Compare that to the softly-softly suggestions that women prefer and you can see why the female of the species is less effective than the male. 

In no way am I saying that you should subject you other half to a four-letter text tirade – from a woman to a man, a different strategy is needed. 

If you’re looking at your husband and wondering how to make some healthy suggestions of your own that he might actually listen to then this is how you successfully nag your husband to lose weight…

Nag away, but realise that change happens in a person’s own time

Yes, it would be wonderful if everything we said to our other half was instantly understood and acted upon down to the exact letter, but then you’ve got a husband not a Tamagotchi. 

Of course you can rage, rant, blackmail and threaten but all that will do is make them wish to appease you or fight back, it will not light the fire inside them – that will happen according to their own timescale. 

That doesn’t mean that you can’t provide them with plenty of kindling, firelighters and matches though. 

In our situation, Em was at goal weight for a whole year before I finally got the message and started to get healthy. 

Although I had developed an immunity to the weight discussions, there’s no doubt that her weight loss left me questioning my own choices, which brings me neatly to…

Lead by example, don’t expect him to follow

Inspire change: There’s no point nagging your partner if you’re not doing anything healthy yourself, he says 

If you really want to change someone’s mind-set about losing weight then enjoying an exemplary healthy life is the most compelling argument of all. 

If your other half sees you grating and hating carrots and whinging about Zumba then don’t be surprised if it doesn’t tempt him to join in.

Try an anonymous tip-off

How’s this for a simple, effective and free way to bring up the subject of his health without starting an argument. 

Go to www.manvfat.com/nominate and add his email address into the form. Leave your name off if you want to go undercover and hit Submit. 

He’ll instantly get a challenge to take the three minute Health Report.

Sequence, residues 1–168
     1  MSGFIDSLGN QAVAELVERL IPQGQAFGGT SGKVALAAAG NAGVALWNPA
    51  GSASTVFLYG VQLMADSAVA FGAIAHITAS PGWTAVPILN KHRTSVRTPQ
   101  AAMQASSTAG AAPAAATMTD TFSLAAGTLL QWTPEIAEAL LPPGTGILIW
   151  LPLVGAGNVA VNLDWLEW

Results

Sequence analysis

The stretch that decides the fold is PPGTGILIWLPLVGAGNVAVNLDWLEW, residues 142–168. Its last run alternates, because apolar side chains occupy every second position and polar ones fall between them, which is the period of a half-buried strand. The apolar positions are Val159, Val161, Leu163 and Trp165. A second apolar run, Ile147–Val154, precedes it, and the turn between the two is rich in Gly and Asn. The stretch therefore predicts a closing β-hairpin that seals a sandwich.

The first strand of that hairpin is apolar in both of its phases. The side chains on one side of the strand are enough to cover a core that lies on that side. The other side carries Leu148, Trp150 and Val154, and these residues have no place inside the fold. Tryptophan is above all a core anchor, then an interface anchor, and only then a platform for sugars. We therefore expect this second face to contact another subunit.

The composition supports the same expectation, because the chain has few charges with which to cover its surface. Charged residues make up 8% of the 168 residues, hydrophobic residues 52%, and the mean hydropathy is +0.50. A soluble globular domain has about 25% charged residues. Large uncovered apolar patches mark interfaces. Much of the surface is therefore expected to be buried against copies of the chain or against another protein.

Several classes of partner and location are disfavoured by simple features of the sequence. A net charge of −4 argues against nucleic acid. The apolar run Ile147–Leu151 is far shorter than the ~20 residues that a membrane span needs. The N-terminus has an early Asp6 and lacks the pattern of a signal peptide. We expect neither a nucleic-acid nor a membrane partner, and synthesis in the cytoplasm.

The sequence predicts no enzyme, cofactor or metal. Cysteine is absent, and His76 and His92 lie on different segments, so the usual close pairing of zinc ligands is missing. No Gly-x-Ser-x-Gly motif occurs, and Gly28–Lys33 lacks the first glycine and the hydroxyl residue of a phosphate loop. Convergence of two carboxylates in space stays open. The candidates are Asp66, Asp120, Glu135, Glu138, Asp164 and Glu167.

This will ask him to add various information such as his weight, height, and sleeping habits and produce a series of detailed insights into his health and suggest lots of changes he can make. Easy. 

Motivation: Another way to spur him on is to suggest he takes the three-minute Man V Fat health report, which takes into account factors such as weight, height and sleeping habits

Be honest, but avoid ultimatums

It would be unhealthy if you hid your feelings about you husband’s weight, but make sure you examine where your motivation comes from. 

Do you want to get him healthier because you want what’s best for him, or because you’re worried about him? If so, let him know. 

If it’s because you’re embarrassed about his size or hate the way he looks then consider carefully before sharing. 

Never give into the temptation to set a deadline or issue an ultimatum. It might work, but it will breed resent and when he’s got healthy and hot he might just consider his own ultimatum…

Litter the horizon with possible goals

Men love to have a goal to work towards and that focus can often be the impetus that they need to lose weight. Whether it’s a 5k race, a cycle ride or a Tough Mudder, it doesn’t matter. 

Alternatively, it could just be about finding an opportunity to re-kindle a dormant sporting passion. 

Check out www.beinspireduk.org, www.parkrun.org.uk and www.joininuk.org for inspiration.

Then drop it into conversation or suggest it to a group of his friends – no man likes to feel that they’re in danger of missing out.

Make some subtle changes

Take charge: Even simple switches like stocking the cupboards with healthier snacks and gradually reducing portion sizes at mealtimes can make a significant difference

Seventy per cent of British women in relationships are mostly responsible for the food shopping and cooking. 

That’s a pretty shocking statistic in itself but it does demonstrate how much power the average woman wields over her partner’s calorie intake. 

Even simple switches like stocking the cupboards with healthier snacks and gradually reducing portion sizes at mealtimes can make a huge difference. 

He might moan, but then that’s the perfect opportunity to allow him to level up the statistic of who does the cooking and shopping.

Andrew Shanahan is the editor of www.manvfat.com. He’s very grateful to Emma for making all those suggestions.

The MAN v FAT Weight Loss Manual is out now.